The nuclear diplomacy is one aspect of a wider confrontation between Washington and Tehran that has threatened to spiral into open conflict since the United States tightened sanctions from May. “Let me be clear: Iran should not confuse American restraint with a lack of American resolve,” US Vice President Mike Pence said yesterday, reiterating Washington’s resolve to protect US personnel and citizens in the Middle East.
European countries do not directly support the US sanctions, but have been unable to come up with ways to allow Iran to avert them. Britain, one of Washington’s main allies, was drawn deeper into the confrontation last week when its Royal Marines seized an Iranian tanker entering the Mediterranean off Gibraltar over separate sanctions against Syria.
The tanker’s seizure “will not be tolerated by us and will not go without a response”, said Iran’s Defense Minister Amir Hatami, quoted by Iran’s ISNA and Tasnim news agencies. “This move is against international regulations and a kind of maritime piracy,” he said during a ceremony at Bandar Abbas port in southern Iran. The 330-m Grace 1, capable of carrying two million barrels of oil, was halted Thursday by police and customs agencies in Gibraltar, a British overseas territory on Spain’s southern tip. Authorities in Gibraltar said they suspected the tanker was carrying crude to Syria in violation of EU sanctions. Tehran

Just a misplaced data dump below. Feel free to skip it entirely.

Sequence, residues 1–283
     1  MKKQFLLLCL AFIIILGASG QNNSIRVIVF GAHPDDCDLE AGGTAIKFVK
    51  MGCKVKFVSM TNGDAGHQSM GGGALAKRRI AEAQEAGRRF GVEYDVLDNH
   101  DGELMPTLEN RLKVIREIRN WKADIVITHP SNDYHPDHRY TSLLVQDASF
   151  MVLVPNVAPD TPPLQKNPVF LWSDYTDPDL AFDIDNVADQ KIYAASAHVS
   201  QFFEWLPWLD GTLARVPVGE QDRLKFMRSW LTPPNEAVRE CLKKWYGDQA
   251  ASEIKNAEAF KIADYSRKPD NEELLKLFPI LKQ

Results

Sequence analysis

Gibraltar’s Supreme Court ruled Friday that the tanker can be held for 14 more days, the territory’s attorney general said. The government of Gibraltar said in a statement yesterday that the tanker was “well inside” British Gibraltar Territorial Waters when it was boarded, having “previously exited the international waters of the Straits of Gibraltar”. It released a screenshot along with the statement of a maritime map that showed the tanker’s location.
“Iran is neither a member of the EU nor subject to any European oil embargo. Last I checked, EU was against extraterritoriality. UK’s unlawful seizure of a tanker with Iranian oil on behalf of #B_Team is piracy, pure and simple,” Iran’s Foreign Minister Mohammad Javad Zarif tweeted yesterday, using ‘B team’ as a derisory term for the Trump administration.
Iran says the deal allows it to respond to the US breach by reducing its compliance, and it will do so every 60 days. Zarif also tweeted that world powers will not be able to negotiate a better deal than the 2015 nuclear deal. “#B_Team sold @realDonaldTrump on the folly that killing #JCPOA thru #EconomicTerrorism can get him a better deal,” Zarif wrote, referring to the deal by its acronym for the Joint Comprehensive Plan of Action. “As it becomes increasingly clear that there won’t be a better deal, they’re bizarrely urging Iran’s full compliance. There’s a way out, but not with #B_Team in charge.” – Agencies